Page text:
Working with branches after 4.6

Brian J. Tarricone bjt23 at
Sun Feb 22 06:38:36 CET 2009

On Sat, 21 Feb 2009 09:24:48 +0530 Biju Chacko wrote:

> Brian J. Tarricone wrote:
> > Stavros Giannouris wrote:
> > 
> >> How about using transifex[1] for this, which is made to solve this
> >> exact problem?
> > 
> > Actually, looking at it, transifex doesn't seem to solve this
> > particular problem.  It still appears to require that all the
> > individual translator contributors have login credentials to the
> > source repository, which means we'd still have to set up
> > fine-grained permissions for the git repos.  Not saying transifex
> > isn't a good idea, but it doesn't solve any new problems with the
> > git transition.
> What has worked for me in similar situations is to not worry about 
> fine-grained permissions. Being given access should be enough
> validation that a translator *isn't* an idiot or malicious.

Sorry, but I'm a firm believer in the principle of least privilege.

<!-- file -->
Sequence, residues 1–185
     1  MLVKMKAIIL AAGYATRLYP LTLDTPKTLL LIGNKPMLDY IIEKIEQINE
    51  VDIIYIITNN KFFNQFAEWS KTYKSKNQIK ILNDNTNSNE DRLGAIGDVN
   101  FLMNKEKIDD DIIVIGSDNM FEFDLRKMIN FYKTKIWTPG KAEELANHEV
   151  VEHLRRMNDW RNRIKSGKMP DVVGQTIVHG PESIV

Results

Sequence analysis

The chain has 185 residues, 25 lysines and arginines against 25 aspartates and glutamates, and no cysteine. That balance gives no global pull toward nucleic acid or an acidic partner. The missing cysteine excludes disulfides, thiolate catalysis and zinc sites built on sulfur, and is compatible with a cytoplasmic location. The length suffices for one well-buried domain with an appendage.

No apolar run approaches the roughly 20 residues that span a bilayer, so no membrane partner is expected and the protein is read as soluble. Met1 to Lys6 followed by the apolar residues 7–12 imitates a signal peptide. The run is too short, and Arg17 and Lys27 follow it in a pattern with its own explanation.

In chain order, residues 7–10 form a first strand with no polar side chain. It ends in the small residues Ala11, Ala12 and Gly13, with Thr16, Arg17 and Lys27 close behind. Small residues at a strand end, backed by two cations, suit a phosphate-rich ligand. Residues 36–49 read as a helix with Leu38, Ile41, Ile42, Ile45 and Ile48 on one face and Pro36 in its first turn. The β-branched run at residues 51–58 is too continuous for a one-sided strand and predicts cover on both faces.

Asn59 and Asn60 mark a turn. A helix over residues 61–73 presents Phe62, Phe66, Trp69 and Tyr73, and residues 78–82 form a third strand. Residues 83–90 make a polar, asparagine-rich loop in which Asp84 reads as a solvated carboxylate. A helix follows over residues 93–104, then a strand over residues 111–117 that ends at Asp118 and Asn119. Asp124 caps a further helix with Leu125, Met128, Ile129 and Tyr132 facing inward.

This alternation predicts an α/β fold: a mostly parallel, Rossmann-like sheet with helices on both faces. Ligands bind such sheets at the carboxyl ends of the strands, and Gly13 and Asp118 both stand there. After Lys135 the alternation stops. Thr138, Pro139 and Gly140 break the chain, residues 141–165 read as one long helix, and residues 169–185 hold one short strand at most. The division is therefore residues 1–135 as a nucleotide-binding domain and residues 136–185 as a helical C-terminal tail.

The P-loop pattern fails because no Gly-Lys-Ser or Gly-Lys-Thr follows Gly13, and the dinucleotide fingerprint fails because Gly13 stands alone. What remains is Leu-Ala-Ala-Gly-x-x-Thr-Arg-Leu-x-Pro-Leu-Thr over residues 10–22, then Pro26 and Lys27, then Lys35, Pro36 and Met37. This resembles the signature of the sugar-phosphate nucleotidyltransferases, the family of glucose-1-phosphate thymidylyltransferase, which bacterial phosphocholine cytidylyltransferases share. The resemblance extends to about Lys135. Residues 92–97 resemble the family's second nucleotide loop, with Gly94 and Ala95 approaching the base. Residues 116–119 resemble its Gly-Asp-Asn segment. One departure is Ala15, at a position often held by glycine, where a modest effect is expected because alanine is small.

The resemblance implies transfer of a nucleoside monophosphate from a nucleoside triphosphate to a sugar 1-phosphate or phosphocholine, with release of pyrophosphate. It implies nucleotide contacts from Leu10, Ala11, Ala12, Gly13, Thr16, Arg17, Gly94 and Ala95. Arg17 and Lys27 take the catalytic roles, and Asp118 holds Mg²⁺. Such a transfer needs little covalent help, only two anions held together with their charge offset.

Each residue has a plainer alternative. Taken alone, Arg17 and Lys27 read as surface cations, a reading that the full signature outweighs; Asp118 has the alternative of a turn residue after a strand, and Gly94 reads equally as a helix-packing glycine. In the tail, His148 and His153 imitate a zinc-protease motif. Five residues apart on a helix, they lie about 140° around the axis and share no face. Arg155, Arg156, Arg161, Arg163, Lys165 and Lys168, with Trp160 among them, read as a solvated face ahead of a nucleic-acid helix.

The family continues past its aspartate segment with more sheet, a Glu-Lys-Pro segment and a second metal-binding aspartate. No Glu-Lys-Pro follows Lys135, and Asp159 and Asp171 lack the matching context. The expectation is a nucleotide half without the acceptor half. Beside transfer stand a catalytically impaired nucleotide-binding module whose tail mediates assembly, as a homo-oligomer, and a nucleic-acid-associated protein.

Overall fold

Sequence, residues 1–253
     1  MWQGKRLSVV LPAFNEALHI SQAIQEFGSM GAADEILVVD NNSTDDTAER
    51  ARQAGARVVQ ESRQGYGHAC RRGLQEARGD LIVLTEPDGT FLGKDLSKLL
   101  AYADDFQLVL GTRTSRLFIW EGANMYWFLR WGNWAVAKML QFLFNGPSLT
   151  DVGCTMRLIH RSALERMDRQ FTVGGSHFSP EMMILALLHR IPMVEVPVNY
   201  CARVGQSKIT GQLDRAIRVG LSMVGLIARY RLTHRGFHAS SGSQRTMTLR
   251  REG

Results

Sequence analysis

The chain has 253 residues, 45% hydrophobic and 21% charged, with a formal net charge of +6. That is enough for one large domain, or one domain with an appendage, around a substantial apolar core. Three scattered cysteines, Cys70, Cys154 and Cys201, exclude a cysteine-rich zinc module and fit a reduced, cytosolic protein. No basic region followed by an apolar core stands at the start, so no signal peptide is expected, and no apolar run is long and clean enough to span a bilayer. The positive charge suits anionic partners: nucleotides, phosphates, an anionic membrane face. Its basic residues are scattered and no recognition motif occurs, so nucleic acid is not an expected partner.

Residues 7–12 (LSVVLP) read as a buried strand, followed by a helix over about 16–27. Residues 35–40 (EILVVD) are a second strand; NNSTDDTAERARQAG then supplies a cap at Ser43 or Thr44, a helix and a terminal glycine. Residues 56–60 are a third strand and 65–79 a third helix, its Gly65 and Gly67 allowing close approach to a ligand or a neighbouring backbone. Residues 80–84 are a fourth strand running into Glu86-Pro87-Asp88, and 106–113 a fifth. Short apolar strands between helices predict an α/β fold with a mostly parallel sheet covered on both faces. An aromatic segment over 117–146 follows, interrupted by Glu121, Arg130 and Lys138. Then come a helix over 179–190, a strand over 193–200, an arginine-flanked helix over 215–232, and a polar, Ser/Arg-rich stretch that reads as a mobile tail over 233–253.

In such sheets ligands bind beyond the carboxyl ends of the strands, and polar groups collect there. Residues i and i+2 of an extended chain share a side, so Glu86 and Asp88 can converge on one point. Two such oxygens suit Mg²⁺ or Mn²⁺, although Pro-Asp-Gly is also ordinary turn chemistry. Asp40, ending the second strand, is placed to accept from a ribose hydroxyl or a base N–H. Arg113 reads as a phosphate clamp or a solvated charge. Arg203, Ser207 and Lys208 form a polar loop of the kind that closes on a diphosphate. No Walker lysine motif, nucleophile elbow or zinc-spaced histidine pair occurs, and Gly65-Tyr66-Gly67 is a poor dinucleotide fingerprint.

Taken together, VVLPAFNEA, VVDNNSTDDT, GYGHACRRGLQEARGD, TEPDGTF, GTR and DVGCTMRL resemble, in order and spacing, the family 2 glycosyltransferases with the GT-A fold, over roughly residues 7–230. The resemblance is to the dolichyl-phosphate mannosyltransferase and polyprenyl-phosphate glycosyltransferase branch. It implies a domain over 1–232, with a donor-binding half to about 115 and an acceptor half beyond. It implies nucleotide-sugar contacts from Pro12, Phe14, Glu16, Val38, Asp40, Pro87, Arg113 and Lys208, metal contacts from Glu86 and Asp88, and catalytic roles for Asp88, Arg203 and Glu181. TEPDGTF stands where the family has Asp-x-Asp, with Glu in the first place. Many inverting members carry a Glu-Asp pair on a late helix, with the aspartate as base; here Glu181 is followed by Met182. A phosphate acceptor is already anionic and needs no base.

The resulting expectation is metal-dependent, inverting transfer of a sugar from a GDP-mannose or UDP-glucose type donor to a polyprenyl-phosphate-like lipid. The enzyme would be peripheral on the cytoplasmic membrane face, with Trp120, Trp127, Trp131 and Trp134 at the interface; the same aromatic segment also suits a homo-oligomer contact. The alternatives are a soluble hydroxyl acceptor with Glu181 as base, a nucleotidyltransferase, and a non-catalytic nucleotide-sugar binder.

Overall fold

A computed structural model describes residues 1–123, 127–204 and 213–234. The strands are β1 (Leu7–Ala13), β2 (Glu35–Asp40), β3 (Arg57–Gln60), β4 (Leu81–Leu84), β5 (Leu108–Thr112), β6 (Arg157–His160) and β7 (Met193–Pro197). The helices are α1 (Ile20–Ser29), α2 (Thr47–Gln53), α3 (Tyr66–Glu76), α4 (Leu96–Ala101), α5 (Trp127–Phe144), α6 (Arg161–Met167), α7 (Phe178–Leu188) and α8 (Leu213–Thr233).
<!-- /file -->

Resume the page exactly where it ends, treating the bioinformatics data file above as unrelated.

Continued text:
Cleaning up and tightening permissions on our svn repos has been on my
todo list for a while; I decided I'd postpone until we switch to git.

> And if occasionally somebody goofs up -- hey -- it's a
> version-control system, just revert it!

Unfortunately that's not always so straightforward with git.  I'm
reminded of a semi-recent incident with nouveau's git repo, where
someone (innocently) messed up and the master branch got pointed to...
nowhere.  It took some intervention on the server by an admin to fix
it.  Restricting the set of what people can do to only what they need
to do preemptively avoids a host of problems, many of which you
wouldn't even think of beforehand.

> I'm guessing that trusting people to do the right thing will reduce
> the overall effort.

It's not that I don't trust people (well, I don't, always, but that's
not the point), but people screw up -- it's human nature.  I'd rather
put things in place up front to help mitigate those possibilities.

> PS: Alternatively, since it's git, it should be fairly easy to make a 
> relatively small number of people (2 or 3) conduits for all patches.
> If it works for the Kernel it should work for us.

Yeah, it's true... but that's how we used to do things, at least where
i18n stuff was concerned.  And that was a mess -- there was a huge lag
between translators submitting updates and the updates landing in
cvs/svn.  We don't have the kind of bandwidth for these things that
Torvalds does.  (Also remember that lately his job is basically *only*
to merge patches.  From what I recall he writes very little code of his
own these days.)


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